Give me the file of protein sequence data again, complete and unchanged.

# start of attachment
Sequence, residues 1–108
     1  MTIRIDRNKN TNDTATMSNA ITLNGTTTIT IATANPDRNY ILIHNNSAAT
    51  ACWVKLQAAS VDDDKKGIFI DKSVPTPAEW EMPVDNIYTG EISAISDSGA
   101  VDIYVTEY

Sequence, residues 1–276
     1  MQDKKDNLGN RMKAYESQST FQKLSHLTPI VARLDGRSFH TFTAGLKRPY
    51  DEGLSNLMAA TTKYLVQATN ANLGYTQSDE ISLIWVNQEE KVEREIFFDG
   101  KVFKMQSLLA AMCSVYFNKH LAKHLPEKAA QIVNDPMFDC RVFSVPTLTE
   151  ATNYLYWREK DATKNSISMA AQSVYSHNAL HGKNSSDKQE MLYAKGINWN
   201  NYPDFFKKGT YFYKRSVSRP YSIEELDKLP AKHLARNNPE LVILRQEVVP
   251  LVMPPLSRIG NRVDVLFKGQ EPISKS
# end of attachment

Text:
Sequence, residues 1–108
     1  MTIRIDRNKN TNDTATMSNA ITLNGTTTIT IATANPDRNY ILIHNNSAAT
    51  ACWVKLQAAS VDDDKKGIFI DKSVPTPAEW EMPVDNIYTG EISAISDSGA
   101  VDIYVTEY

Sequence, residues 1–276
     1  MQDKKDNLGN RMKAYESQST FQKLSHLTPI VARLDGRSFH TFTAGLKRPY
    51  DEGLSNLMAA TTKYLVQATN ANLGYTQSDE ISLIWVNQEE KVEREIFFDG
   101  KVFKMQSLLA AMCSVYFNKH LAKHLPEKAA QIVNDPMFDC RVFSVPTLTE
   151  ATNYLYWREK DATKNSISMA AQSVYSHNAL HGKNSSDKQE MLYAKGINWN
   201  NYPDFFKKGT YFYKRSVSRP YSIEELDKLP AKHLARNNPE LVILRQEVVP
   251  LVMPPLSRIG NRVDVLFKGQ EPISKS